tational motion in a disk. Emission that occurs in the
“forbidden” quadrants (upper left and lower right) is not
from the rotating disk, but instead is a signature of the
rotating and infalling envelope (i.e. Ho & Keto (2007)).
Comparison of the PV diagrams in Fig. 7shows an
overall correspondence of the data with the RadChemT
models that is encouraging. Visually, the TSC model
(panel b) is a better fit than the UCM model (panel c).
One difference between data and model is that the peak
brightness values are symmetric in the models but not
symmetric in the data. The data (panel a) show stronger
blue shifted peak emission (lower left quadrant) than red
shifted (upper right quadrant), which is a signature of
optically thick emission. To improve the model fit, this
suggests that the model envelope density (or abundance)
should be increased over the fiducial value.
Recent analyses of L1527 in the literature using dif-
ferent datasets find M= (0.19,0.45,0.45 M) and
Rdisk= (125,75,125 au), respectively (Tobin et al. 2012;
Aso et al. 2017;van ’t Hoff et al. 2018). In our fidu-
cial model we adopted the Tobin et al. (2012) values of
M= 0.22 Mand Rdisk = 75 au as a starting point
to test the capabilites of RadChemT on reproducing the
chemical abundances of L1527. Our fiducial numbers fall
at the lower end of recent determinations. The analysis
by van ’t Hoff et al. (2018) is the most similar to our
modeling, although it assumes but does not compute
the astrochemical abundances, and moreover restricts
attention to the inner 100(140 au).
In all three PV diagrams, the dashed white line repre-
sents the maximum size of the disk. Everything outside
of the dashed white lines, at >100 position offset, is
emission coming purely from the envelope. The emis-
sion coming from inside these lines is therefore due to
a combination of envelope and disk emission. Keplerian
rotation curves are presented as a guide for the eye, and
represent the maximum velocity expected from a rotat-
ing Keplerian disk. The solid black line represents the
fiducial model with M=0.22 Mand Rdisk =75 au. The
dashed black line is M=0.45 Mand Rdisk=125 au, a
model that is considered in van ’t Hoff et al. (2018).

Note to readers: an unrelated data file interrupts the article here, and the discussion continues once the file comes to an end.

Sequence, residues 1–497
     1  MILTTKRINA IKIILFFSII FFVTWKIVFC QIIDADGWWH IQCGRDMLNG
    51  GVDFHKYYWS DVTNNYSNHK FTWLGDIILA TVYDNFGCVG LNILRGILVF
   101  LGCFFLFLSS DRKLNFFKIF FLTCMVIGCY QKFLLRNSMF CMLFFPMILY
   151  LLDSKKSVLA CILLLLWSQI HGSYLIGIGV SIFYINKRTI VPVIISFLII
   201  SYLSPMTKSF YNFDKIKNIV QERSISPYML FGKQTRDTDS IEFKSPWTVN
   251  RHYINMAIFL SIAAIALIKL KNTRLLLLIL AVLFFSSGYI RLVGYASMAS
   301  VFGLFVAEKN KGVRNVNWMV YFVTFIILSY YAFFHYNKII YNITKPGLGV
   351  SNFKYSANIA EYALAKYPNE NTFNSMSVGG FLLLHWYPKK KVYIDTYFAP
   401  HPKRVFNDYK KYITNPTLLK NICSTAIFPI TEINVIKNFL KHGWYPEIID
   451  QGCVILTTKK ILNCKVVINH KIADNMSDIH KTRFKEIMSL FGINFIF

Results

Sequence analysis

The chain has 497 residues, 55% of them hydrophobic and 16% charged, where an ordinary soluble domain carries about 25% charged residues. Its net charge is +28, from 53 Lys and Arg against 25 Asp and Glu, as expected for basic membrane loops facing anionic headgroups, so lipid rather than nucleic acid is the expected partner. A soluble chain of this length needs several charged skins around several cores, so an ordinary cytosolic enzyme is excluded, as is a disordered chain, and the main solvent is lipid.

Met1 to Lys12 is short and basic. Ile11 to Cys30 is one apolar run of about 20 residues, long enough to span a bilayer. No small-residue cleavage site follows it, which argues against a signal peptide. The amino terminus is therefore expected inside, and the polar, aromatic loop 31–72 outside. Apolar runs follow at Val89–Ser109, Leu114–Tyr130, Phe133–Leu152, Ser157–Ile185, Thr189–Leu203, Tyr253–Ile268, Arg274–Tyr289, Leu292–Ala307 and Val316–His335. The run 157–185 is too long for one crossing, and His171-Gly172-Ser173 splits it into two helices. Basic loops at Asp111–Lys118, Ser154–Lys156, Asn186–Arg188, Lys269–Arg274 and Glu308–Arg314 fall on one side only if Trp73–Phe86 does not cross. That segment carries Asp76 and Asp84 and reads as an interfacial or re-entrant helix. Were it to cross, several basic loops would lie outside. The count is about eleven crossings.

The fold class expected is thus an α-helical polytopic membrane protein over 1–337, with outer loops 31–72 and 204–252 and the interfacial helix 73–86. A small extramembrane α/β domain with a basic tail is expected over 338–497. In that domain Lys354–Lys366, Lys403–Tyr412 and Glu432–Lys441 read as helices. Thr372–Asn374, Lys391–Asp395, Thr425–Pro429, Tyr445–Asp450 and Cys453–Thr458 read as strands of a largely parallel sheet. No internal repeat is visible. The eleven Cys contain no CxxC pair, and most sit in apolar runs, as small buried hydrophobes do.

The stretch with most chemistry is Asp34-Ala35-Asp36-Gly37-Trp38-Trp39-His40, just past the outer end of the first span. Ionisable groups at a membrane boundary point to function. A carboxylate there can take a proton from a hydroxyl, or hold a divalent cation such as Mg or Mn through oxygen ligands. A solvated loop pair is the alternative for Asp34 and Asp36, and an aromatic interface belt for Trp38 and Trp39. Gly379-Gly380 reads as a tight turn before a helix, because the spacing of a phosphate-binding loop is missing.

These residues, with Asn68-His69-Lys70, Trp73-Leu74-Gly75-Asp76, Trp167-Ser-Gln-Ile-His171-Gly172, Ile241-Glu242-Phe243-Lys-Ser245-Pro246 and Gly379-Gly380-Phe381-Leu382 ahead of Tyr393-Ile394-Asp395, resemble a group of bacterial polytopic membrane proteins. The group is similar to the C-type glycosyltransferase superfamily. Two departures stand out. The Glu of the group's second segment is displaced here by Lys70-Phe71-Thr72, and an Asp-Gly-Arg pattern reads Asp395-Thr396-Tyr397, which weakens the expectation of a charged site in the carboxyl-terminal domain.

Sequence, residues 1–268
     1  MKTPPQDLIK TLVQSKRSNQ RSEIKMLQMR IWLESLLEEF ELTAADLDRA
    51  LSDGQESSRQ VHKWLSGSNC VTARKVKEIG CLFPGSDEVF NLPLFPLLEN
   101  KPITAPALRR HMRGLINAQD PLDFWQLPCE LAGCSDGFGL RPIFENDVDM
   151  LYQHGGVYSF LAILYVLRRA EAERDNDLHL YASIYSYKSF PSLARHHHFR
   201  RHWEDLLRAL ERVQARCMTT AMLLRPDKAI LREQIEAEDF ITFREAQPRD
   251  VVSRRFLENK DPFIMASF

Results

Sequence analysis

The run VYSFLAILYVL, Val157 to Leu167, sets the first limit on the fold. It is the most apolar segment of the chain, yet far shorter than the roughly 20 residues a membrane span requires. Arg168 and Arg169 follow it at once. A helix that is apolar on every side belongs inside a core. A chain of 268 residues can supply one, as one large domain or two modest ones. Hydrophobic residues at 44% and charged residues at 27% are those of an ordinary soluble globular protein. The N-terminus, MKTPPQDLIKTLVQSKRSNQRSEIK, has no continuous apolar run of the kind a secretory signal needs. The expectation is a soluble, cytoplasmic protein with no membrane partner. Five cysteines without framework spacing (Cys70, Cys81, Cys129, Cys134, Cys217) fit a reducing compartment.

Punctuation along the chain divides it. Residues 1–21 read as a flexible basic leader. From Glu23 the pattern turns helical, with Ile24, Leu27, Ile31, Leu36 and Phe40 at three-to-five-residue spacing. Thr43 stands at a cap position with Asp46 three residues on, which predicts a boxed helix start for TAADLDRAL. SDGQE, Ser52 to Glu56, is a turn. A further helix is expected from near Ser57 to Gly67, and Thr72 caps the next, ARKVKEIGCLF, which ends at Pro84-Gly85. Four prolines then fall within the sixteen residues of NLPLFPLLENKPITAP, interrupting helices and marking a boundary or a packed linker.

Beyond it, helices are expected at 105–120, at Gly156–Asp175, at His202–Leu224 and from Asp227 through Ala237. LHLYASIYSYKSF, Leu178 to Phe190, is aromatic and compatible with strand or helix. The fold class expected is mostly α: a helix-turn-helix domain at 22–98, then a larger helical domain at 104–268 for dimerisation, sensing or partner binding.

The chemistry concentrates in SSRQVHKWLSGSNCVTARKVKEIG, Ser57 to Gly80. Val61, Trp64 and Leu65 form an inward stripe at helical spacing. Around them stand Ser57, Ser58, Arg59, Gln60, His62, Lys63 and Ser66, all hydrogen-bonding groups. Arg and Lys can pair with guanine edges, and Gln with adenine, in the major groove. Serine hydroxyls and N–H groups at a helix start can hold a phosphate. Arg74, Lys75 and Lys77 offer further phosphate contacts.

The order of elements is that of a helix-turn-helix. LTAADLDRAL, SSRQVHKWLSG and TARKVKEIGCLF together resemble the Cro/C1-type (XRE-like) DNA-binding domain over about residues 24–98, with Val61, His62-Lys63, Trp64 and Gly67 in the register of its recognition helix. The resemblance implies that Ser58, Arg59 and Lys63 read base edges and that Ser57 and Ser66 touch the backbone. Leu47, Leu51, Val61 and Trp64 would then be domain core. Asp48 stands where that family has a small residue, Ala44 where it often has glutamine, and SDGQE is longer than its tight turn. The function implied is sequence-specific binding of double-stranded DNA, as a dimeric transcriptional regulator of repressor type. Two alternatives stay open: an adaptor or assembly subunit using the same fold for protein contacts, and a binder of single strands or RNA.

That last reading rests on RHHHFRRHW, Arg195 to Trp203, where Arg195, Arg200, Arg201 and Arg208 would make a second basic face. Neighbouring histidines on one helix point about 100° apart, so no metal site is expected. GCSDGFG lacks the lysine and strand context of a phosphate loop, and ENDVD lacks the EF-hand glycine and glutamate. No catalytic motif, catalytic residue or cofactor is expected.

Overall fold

Comparison of the model PV diagram with the data in
Fig. 7suggests the higher protostar mass would be pre-
ferred over the fiducial value. However, detailed model
fitting of the disk dynamics lies outside the scope of the
current work.
The strength of the observed C18O(2-1) emission is
about a factor of 3.0 higher than the model prediction for
the TSC model. Figure 7(panel d) shows the C18O spec-
trum that is constructed by integrating over a 3.400 ×3.400
box (475 au ×475 au). The red triangles (model) and
green plus symbols (data) show reasonable correspon-
dence in terms of profile shape. The overall emission of
the UCM model is about (50%) brighter; this difference
is understandable as due to the higher density of UCM in
the inner envelope for our choice of physical parameters;
an approximate estimate of the density ratio expected
between UCM and TSC is 5/3, and is simply obtained
from the ratio of ˙
Menv that are given in Table 1.
The fact of not reproducing the self-absorption at the
protostar position in our modeled C18 O spectrum does
not preclude the ability of the models to explain what
is happening at the center of the spectral line. The
observed self-absorption is consistent with a high den-
sity region, grains with millimeter size or greater, in the
disk that suggests a promising avenue for future studies
to increase the density between the envelope and disk.
Considering a different type of dust opacity that is more
suitable for the inner parts is also encouraging. On the
model processing side, performing the spectral tracing
using non-LTE may also lead to improvement. In sum-
mary, the RadChemT model was not tweaked to match
the C18O emission, so the initial match between model
and data to within the factor of 3.0 is encouraging.
From Figure 7we see that our prediction of C18O us-
ing the TSC model is better at representing the actual
envelope structure of L1527 when compared with C18O
ALMA data. Due to the fact that UCM neglects pres-
sure effects in the outer layers of the envelope, we see
that at spatial offsets >100 (150 au), the UCM enve-
lope shows too much gas at higher velocity, resulting
in a rectangular rather than bowtie shape around the
green perimeter showing the fainter emission. In gen-
eral, we conclude that the predicted C18O(2-1) emission
from the RadChemT model reproduces the main fea-
tures of the PV diagram (Fig. 7) for both the envelope
and disk emission. Moreover, these initial results sug-
gest that RadChemT can be used as a tool to investigate